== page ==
deceived Petitioner to ensure continuation of his paid
leave under workers' compensation.
(Pet'r's Mem. in Support of its Mot. to Vacate Arbitration Award,
[244 F. Supp.2d 1038]
This argument fails for two reasons. First, Petitioner misrepresents
the facts of this case. There was indeed a dispute about whether Huey
deceived Petitioner to receive workers' compensation benefits, and the
Arbitrator has settled the dispute in favor of Huey. The Arbitrator
clearly found that Huey did not lie to his doctors, and that Huey did
nothing wrong in submitting to Petitioner the work restriction slips
completed by his doctors. Furthermore, while the Arbitrator did not
explicitly find that Huey did not lie during the deposition, the
Arbitrator concluded that "the deposition in the manner in which it was
conducted was entirely improper as part of an investigation under the
concept of just cause for an employee termination." (Pet'r's Ex. A, at
31). These and other findings led the Arbitrator ultimately to conclude
that Petitioner had not met its burden of establishing, by clear and
convincing evidence, that it had just cause to terminate Huey. This Court
is, of course, obligated to defer to the Arbitrator's decision, unless
Petitioner can show that one of the narrow exceptions to this deference
This brings us to the second reason why Petitioner's argument fails.
This Court cannot vacate the Award because Petitioner has failed to cite
any public policy that bars reinstatement of Huey.
As we have explained, the critical inquiry is not
whether the underlying act for which the employee was
disciplined violates public policy, but whether there
is a public policy barring reinstatement of an
individual who has committed a wrongful act. Grace,
461 U.S. at 766; Misco, 108 U.S. at 373. Besides being
inconsistent with the Supreme Court's determination
that it is enforcement of the award which must be
deemed violative of public policy, we think the
Eleventh Circuit's approach would produce, at best,
curious results. If the performance of an illegal act
while on the job is all that must be proved to
demonstrate the violation of a public policy for
purposes of Grace and Misco, then an arbitrator would
be prohibited from reinstating any teamsters who
receive a speeding ticket while driving the company
truck, or even an inventory clerk who commits single
act of petty theft. Grace and Misco do not countenance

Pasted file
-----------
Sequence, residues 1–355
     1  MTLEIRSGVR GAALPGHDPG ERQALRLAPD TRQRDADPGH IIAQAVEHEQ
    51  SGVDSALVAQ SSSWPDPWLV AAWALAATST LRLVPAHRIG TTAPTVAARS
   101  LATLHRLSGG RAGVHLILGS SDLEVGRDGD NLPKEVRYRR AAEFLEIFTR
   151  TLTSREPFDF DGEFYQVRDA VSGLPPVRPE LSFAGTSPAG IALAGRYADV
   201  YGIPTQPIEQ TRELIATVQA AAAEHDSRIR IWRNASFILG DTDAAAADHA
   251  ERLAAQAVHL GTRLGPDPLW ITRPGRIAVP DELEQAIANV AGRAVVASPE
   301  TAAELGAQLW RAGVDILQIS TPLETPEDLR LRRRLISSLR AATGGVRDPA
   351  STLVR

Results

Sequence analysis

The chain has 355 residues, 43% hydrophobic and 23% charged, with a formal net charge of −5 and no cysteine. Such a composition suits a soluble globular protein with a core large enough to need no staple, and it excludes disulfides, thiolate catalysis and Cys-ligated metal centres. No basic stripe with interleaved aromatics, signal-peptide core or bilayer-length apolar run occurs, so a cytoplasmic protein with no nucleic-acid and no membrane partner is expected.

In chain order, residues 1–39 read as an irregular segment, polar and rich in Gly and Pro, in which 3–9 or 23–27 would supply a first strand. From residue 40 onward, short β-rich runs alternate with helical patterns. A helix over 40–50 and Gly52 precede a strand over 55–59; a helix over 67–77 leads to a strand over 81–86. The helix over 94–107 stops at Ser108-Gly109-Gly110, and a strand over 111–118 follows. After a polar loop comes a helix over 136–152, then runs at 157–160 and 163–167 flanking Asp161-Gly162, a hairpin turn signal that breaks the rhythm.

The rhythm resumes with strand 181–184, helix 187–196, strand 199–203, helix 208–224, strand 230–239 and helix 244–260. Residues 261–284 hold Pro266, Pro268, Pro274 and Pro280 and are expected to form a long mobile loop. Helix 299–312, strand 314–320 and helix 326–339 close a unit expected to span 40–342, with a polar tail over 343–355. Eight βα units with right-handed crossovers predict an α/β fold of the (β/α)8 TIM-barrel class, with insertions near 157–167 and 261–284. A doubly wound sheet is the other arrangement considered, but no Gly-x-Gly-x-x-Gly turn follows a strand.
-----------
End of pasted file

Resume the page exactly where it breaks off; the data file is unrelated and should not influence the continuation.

Stead Motors, 886 F.2d at 1215.
E. Petitioner's Fifth Argument
Petitioner argues that the Award ignores the parties' contractual
agreement by punishing Petitioner for unrelated conduct by a third
party. Petitioner's reasoning is as follows: (1) the scope of the
arbitration was limited to the issue of just cause under the contract,
and that, accordingly, "the scope of the arbitrator's role was to
determine whether Mr. Huey was dishonest to Petitioner," (Pet'r's Mem. in
Support of its Mot. to Vacate Arbitration Award, at 11); and (2) "The
uncontroverted evidence of Mr. Huey's evasiveness and deception and the
award itself estabish that the arbitrator deviated from his duty, ignored
the contract and decided this matter on emotion, passion, prejudice and
whim to further his cause against the insurance and workers' compensation
communities." (Pet'r's Mem. in Support of its Mot. to Vacate Arbitration
Award, at 11).
This argument is an attempt to invoke the essence of the contract
exception to the deference owed to arbitral decisions. It fails.
Petitioner is correct to note that the scope of the Arbitrator's role was
to determine whether Petitioner proved that it had just cause to
terminate Huey. This is precisely what the Arbitrator did. He interpreted
the "just cause" provision of the CBA: (1) to require Petitioner to
establish just cause by clear and convincing evidence, (2) to implicate
notions of due process which, among other things, require
[244 F. Supp.2d 1039]
an employer to
conduct a full and fair investigation before terminating an employee, and
(3) to impose on Petitioner the "responsibility to explain to doctors who
are examining [its] employees, in situations where the [Petitioner]
provides light duty, the nature of the work available." (Pet'r's Ex. A, at
30). This Court has no doubt that the Arbitrator's interpretation of the
"just cause" provision is, on its face, plausible.
Furthermore, the Arbitrator's factual findings and ultimate conclusion
represent a plausible interpretation of the CBA.*fn3 The Arbitrator's
award is a 35-page document that sets forth the facts of the case in
great detail, and extensively cites testimony from the arbitration
hearings. The Arbitrator summarized the case as follows:
In summary, the [Petitioner] relied on Ms. Bustos'
[the claims manager for Petitioner s workers'